Niles hopped a bus home. He watched the Yankees with a beer and day old pizza. As soon as the game spilled over into extra innings he fell asleep in his chair. He woke couple hours later to an infomercial and plodded off to bed with only enough energy to remove his cloths and slip under the covers.
The next morning he bussed to work and struggled through the morning routine of reviewing cases and assignments with his detectives. Back in his office he checked the voice mails. He listened to a couple that he jotted notes. And then the one came from human resources approving his vacation.
He leaned out the office door. “Banyon!”
Niles sat in a chair in front of his desk leaving his chair behind the desk empty. Banyon entered the room.
“Have a seat,” Niles said gesturing to the empty chair.
Banyon moved slowly toward the chair.
“Careful,” Niles said, “Don’t appear too anxious.”
Banyon smiled and sat down. He moved around in the seat. “I’m ordering a new chair.”
“If it was in the budget I’d had one long ago,” Niles said.
“So how long will you be gone?” Banyon said.
“A week, maybe two,” Niles said. “Before I go to Maine I’m going to visit my dad upstate. We haven’t seen each other in six months, long overdue.”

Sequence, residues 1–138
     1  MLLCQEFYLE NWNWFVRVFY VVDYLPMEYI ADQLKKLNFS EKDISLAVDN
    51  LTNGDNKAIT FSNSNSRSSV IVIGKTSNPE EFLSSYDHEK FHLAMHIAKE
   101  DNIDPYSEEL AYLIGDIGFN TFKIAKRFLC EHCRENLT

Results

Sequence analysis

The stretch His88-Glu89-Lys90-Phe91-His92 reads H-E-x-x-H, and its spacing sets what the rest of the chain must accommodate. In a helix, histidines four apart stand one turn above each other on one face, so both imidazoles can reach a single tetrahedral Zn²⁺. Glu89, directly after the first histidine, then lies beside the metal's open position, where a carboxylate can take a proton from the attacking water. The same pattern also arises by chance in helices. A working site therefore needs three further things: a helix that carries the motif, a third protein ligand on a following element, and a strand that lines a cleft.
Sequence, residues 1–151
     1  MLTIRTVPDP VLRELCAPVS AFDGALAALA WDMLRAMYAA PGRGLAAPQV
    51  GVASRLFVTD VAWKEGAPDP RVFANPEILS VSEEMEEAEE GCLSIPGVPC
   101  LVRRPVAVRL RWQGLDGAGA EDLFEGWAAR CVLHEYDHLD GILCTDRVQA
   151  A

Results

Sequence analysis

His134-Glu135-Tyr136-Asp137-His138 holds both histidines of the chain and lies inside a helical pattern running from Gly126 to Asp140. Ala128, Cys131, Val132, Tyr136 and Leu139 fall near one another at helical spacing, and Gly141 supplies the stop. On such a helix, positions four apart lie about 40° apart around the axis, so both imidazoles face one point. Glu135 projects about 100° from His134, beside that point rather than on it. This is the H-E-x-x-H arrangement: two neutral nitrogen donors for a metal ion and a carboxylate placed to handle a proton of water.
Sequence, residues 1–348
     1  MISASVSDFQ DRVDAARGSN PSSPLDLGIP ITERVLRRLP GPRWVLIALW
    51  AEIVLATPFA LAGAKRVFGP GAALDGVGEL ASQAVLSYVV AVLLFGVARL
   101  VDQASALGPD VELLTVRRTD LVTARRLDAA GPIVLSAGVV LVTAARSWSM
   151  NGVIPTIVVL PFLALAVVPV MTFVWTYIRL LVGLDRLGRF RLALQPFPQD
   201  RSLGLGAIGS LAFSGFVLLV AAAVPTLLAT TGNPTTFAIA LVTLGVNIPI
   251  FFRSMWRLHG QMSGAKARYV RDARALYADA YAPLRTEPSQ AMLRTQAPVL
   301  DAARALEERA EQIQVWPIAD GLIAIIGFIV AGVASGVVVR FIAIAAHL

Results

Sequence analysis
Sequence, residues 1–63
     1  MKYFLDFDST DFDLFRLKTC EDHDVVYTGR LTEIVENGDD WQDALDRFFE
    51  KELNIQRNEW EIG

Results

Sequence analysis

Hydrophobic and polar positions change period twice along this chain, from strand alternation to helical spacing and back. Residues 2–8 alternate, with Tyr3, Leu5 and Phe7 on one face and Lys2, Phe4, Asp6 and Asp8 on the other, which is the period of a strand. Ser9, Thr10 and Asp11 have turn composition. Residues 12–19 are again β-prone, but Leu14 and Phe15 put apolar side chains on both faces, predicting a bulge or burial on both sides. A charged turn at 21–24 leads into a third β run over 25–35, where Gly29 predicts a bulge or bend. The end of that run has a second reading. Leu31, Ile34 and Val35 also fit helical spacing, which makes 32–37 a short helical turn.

“That’s great,” Banyon said. “Me and my ole man haven’t talked in years.”
“When I left home I never wanted to see that ole SOB as long as I lived,” Niles said. “And when I was staring down the wrong end of a Glock held by some punk, Dad was the only thing on my mind. I remembered all the jams he got me out of and how ungrateful I was. Our relationship healed in an instant.”
“What happened with the Glock?” Banyon said.
“Never buy a gun from a guy named Rascal,” Niles said. “It jammed. Funny thing, he rares back to throw it at me at it goes off. He practically soils himself. By then, I’m un-holstered. When he sees my weapon, he’s on the ground with his fingers laced. I could have tossed him the cuffs and he’d have put them on himself. It was then I said to myself I want to be a detective.”
“Let’s go over some things,” Niles said. “and if something is missed you have my cell.”
Niles filled the morning reviewing things with Banyon. He checked his watch just a little before noon.
“I’m taking off early,” Niles said. “I’m going home, get my car, and get an early start. I wanna get to Dad’s place before it’s past his bedtime.”
“Sure, Cap,” Banyon said, “I can take it from here. Are you feeling okay?”
“Yeah,” Niles said, “but there is this strange feeling.”
“Like what?” Banyon said.
“I’m letting go,” Niles said. “Don’t get all excited. I haven’t made a decision, but it’s kind of like starting to pack. You start a couple days before you leave. You don’t pack all your socks and underwear, because you’ll need some before you leave, but you’re packing what you need and leaving behind what you don’t. Does this make sense to you?”
Banyon swallowed. “I think I’m going to call my dad.”
“See you in a week or so,” Niles said. “Don’t be afraid to call.”
“Sure thing, Cap,” Niles said. “Go have some lobster.”